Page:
Okay, so let’s get down to brass tacks. There are two reasons I say post-processing has made me a better photographer. First, it has allowed me to make images that are expressive, that stir other peoples’ emotional responses as well as my own. Imagery is only successful when it resonates and I am here to tell you that the base tone curve coming out of your camera rarely resonates. Why is this? Well, to dance around another lengthy topic, I’ll simply say that camera sight and eye sight are very different. Camera sight is engineered to be very precise and to fit a massive variety of imaging needs. Our eyes are more flexible and, together with our emotions, process visual information dynamically. It has been said many places that HDR photography recapitulates eye sight more closely. Whereas it is true that HDR photographs are “tonemapped” by using a logarithmic tone curve (a few $5 words for what our eyes do), I think the artifacts generated by cramming that much information into the paltry space of an image file and computer monitor is enough to distract from the benefits.
What HDR does do, I will argue, is bring tons of texture and contrast to an image. If you love HDR, please don’t stop shooting it because others make fun of it or because I said that you can move away from it safely. One of the reasons I got better was because I did a lot of HDR and found its ins and outs and learned about light (see above - HDR was absolutely critical to my learning about available light).
Now, I simply can’t take the time and effort in this article to go through all the wonders of post-processing and all of the programs and tips and tricks. What I can do, however, is give you a flavor for what my favorite program, Adobe Lightroom, is capable of doing. It should be noted here that I am shooting RAW. Always shoot RAW. Period. Only a fraction of what I am going to talk about here is possible without shooting RAW so just do it and thank me later.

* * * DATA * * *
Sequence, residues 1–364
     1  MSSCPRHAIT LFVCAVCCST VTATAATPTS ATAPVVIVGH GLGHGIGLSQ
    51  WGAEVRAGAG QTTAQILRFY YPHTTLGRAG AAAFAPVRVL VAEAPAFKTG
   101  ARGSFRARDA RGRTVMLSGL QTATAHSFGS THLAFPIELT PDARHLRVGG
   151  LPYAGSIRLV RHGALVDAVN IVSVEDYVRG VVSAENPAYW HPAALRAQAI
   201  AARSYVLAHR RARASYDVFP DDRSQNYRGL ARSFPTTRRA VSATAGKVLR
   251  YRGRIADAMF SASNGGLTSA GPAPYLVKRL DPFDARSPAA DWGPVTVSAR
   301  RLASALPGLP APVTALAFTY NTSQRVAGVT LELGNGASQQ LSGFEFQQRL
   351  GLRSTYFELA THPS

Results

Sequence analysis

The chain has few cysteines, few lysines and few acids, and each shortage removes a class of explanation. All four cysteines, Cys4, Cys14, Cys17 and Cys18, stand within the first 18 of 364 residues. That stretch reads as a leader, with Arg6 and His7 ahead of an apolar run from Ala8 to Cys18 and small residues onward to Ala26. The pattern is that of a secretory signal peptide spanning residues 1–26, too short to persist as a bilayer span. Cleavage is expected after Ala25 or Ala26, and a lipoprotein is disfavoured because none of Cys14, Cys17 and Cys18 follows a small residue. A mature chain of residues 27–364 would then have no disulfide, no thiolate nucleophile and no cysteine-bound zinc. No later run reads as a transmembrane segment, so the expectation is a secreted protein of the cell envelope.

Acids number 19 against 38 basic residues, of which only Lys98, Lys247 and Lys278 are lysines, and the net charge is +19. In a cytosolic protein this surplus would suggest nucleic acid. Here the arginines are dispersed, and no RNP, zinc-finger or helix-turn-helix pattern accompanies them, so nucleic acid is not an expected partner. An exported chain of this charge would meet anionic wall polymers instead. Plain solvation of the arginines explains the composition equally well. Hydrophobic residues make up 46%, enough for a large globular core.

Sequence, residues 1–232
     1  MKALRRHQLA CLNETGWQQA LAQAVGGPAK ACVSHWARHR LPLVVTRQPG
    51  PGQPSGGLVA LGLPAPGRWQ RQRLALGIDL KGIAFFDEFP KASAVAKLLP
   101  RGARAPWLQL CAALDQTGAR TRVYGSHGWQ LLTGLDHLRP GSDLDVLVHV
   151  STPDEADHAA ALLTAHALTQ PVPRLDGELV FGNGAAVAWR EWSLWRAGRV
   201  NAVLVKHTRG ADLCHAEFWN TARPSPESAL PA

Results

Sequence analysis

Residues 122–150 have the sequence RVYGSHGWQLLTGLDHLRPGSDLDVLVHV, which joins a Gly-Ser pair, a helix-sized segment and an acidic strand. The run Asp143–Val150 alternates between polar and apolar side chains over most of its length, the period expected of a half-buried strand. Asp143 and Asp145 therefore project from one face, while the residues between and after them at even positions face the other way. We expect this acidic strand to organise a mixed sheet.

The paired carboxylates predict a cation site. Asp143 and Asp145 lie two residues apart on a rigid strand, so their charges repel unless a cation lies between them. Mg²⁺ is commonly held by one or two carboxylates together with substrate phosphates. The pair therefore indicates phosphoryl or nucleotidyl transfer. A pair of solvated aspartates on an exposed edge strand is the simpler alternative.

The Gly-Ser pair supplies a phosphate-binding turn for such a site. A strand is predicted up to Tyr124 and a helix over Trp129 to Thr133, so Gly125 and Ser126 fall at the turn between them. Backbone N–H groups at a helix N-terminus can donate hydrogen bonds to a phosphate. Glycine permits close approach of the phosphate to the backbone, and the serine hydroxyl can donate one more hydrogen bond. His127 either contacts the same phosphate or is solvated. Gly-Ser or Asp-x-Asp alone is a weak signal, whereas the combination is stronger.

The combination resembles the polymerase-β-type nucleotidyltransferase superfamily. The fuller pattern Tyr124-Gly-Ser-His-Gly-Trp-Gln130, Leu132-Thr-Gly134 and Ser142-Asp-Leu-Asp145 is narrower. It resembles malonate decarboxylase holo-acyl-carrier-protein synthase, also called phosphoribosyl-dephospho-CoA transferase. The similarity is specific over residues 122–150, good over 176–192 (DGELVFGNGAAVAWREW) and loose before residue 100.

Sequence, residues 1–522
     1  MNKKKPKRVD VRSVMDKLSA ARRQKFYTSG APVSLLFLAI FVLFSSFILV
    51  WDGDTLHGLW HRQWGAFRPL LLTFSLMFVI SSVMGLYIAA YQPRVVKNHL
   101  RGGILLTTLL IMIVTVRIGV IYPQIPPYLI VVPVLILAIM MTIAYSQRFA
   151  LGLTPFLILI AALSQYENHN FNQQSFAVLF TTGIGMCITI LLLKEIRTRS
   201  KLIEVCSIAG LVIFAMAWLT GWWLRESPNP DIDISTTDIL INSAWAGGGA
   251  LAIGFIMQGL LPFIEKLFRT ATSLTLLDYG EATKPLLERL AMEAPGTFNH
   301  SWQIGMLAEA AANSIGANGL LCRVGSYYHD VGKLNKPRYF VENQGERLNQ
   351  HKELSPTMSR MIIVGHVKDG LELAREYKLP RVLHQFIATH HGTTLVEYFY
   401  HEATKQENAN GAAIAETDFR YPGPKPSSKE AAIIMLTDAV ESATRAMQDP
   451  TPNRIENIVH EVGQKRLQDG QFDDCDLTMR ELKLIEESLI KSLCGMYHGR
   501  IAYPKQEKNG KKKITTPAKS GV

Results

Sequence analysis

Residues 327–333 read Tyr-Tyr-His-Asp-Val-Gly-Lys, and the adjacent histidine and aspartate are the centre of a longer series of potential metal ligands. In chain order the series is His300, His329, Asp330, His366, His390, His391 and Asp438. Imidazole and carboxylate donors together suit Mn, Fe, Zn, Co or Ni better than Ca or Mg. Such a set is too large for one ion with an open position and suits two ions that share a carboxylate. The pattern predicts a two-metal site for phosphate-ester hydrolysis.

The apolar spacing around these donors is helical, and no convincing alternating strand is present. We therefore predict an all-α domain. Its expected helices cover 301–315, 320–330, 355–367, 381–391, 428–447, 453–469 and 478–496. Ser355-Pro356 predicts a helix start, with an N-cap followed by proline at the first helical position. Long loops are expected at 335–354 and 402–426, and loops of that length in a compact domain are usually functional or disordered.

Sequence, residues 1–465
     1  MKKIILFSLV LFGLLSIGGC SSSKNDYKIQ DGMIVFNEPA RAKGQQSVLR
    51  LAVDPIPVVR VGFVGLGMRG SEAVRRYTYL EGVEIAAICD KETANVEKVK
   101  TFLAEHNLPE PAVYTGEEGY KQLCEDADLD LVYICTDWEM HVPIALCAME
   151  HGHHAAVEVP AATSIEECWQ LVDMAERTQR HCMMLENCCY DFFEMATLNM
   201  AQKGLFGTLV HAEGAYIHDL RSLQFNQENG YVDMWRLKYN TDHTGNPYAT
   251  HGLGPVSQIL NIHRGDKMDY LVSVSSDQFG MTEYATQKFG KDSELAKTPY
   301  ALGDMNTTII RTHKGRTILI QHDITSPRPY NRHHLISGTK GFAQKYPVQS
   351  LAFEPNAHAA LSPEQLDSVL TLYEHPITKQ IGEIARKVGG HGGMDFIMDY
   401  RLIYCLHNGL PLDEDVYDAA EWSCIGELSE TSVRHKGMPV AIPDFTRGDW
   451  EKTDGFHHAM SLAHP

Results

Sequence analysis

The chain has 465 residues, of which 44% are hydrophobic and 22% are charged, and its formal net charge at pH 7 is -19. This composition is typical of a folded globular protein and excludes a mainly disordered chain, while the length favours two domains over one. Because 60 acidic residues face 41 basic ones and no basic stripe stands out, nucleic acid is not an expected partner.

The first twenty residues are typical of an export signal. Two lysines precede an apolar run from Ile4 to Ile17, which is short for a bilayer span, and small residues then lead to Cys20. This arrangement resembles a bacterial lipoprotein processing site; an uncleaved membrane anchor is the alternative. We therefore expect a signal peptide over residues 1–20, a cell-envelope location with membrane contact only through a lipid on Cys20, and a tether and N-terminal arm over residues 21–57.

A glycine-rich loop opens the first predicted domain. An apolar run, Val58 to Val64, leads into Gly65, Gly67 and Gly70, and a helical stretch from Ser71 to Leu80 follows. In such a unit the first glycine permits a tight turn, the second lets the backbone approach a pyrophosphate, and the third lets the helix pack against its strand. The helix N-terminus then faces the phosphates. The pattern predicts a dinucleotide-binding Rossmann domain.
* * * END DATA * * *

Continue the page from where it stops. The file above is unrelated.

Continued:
Below is an image I took at Davenport Beach one late afternoon: a JPEG straight out of the camera.
Here’s the same image with the right adjustments to really bring out the cold, briny and dramatic mood of the scene.
Whorl, Davenport, California, Nikon D700, 14mm, f/16.0, 0.6 sec
I showed this to a friend and a fellow photographer as a before and after series and he laughed and said, “Wow, I would have deleted that image - would not have known how to bring it to life.” Remember, images lie to tell the truth.
Here’s another seascape as an example. It should be noted that both of these images (and almost all of what I post nowadays) are single exposures processed exclusively in Adobe Lightroom.
The Rolling Tempest, Pescadero State Beach, California, Nikon D700, 14mm, f/8.0, 1/800 sec
This is the power of post-processing, it allows you to bring your photographs to life. It allows you to create in your audience an emotion response. Learn everything you can about it. Experiment, try new and drastic things that you learn from tutorials online (there are an overabundance - just search what it is you want to learn and start pawing through the links). If you are worried about “overcooking” your images take this little bit of advice - use the 24 hour rule:
Process an image, save a copy and do something else for 24 hours. Load the processed image back up and gauge your reaction. If you don’t love it, go back to the starting point. There is nothing like perfecting your taste for your own post-processing.
This is a journey - you are going to evolve and change. You may end up hating your early work. Relax and keep moving. Like I said earlier, success is figuring out what it is you can do to get better.
Emulate, innovate, repeat.
No one is born a great photographer and no one learns how to compose images from a book or blog article. Seeing is everything in photography and there is no better way to learn about a great photospot or framing idea than seeing the work of others. I believe firmly in the method of emulate and then innovate.